Structure and components of a reading lesson plan
How to evaluate the content/story for length and language level
When to use individual, group and whole-class reading approaches
Use of student literacy evaluation procedures for comprehension, including EGRA
Preparation of home reading texts for parental involvement
The communities are being sensitised on the role of ICT and digital technology in promoting access to inclusive, quality education - especially for girls and other marginalised pupils. Promotion of reading requires the involvement of the community. iMlango is working closely with community stakeholders to advocate for appropriate supplementary reading materials, to help organise reading exhibitions, to encourage parents and schools to sign the home-reading tracker, and to involve the Boards of Management (BoM) and Parents Associations (PA) in generally promoting the importance of literacy.
Local education officials, head teachers and teachers are being trained to improve teacher preparedness, and reading lesson preparation via use of ICT and digital content as delivered by iMlango. In line with creating a supportive educational ecosystem, it is important that there is strong cooperation and coordination with the end goal of improving learning outcomes for pupils. We are currently in the process of establishing an MoE/TSC sustainable teacher support program to allow for greater synergies with local government officials, as well as setting up teacher peer-support groups at the school level. Head teachers have been supported to fulfil their role of first-line teacher support, and periodic forums with head teachers are planned so as to keep developing their capacities, whilst building formal feedback into project implementation.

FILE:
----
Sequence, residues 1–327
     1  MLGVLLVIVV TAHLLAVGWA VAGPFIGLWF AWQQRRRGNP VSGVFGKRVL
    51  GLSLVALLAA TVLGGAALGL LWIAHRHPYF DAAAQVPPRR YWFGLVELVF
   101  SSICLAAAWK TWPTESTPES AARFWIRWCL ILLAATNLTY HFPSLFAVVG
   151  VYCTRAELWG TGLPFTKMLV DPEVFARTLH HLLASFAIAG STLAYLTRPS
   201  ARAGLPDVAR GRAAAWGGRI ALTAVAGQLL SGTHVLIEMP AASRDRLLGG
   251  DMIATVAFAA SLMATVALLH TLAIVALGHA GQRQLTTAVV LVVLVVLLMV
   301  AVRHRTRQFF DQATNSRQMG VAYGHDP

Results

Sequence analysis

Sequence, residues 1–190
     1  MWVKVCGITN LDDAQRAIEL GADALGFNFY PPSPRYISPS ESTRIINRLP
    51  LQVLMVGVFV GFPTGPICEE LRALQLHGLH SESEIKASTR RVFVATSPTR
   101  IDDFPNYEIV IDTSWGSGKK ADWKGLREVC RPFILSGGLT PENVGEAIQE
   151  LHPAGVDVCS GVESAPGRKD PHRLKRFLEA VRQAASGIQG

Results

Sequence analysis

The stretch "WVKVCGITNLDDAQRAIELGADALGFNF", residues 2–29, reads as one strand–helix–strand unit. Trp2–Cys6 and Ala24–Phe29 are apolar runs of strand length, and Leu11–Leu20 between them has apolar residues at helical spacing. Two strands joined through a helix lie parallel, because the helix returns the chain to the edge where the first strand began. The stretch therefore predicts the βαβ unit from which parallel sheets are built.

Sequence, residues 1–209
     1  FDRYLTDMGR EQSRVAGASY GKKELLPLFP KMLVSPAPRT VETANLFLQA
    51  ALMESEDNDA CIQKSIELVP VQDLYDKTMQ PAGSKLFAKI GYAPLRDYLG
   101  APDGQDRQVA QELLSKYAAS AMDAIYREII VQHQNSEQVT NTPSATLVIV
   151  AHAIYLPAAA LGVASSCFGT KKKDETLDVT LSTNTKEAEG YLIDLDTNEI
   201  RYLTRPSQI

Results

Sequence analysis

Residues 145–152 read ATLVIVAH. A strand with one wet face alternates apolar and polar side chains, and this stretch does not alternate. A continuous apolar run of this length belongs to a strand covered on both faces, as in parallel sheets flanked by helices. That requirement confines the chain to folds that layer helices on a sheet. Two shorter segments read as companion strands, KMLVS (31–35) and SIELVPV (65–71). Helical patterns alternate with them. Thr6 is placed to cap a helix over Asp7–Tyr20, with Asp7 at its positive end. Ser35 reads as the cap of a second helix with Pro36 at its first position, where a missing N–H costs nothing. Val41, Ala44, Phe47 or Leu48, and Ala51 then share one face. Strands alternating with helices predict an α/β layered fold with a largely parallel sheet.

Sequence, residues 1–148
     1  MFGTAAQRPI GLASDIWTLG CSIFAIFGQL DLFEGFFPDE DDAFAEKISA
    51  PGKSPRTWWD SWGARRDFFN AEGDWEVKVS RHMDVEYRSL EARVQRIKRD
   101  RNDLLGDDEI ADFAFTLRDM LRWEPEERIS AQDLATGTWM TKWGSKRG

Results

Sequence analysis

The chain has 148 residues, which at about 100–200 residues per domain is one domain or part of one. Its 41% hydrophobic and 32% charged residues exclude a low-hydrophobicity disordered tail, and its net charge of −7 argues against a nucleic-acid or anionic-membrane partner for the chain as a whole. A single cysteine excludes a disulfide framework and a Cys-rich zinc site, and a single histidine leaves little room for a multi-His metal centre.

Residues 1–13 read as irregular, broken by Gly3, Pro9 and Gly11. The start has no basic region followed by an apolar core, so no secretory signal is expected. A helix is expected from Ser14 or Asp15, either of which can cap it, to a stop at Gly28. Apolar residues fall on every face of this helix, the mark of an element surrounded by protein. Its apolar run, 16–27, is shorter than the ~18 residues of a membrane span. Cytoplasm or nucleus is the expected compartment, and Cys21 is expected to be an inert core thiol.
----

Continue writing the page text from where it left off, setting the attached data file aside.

iMlango is focused on developing sustainable digital literacy education standards in Kenya by influencing policy and practice at the national, regional and school levels. The areas of literacy education policy interventions include:
National ICT in literacy education policy, which includes policy on procurement, distribution and maintenance of digital literacy equipment
National digital content policy in education to cater for copyright issues that inhibit the acquisition and use of literacy education content
The national teacher Pre-Service Education and Training (PRESET) reading curriculum including digital literacy instructional practices and teacher trainer appraisal and deployment benchmarks
Policy on Teacher Professional Development (TPD) regarding continuing teacher education and administration of comprehensive online teacher education modules
iMlango also wishes to influence policy and school level practice on community/parental involvement in promoting literacy education at the community level
Whilst successes in each area of the literacy strategy are naturally important, we believe that all 4 levels (school, system, community and policy) require development if long-term, systematic improvements to pupils’ literacy skills are to be achieved.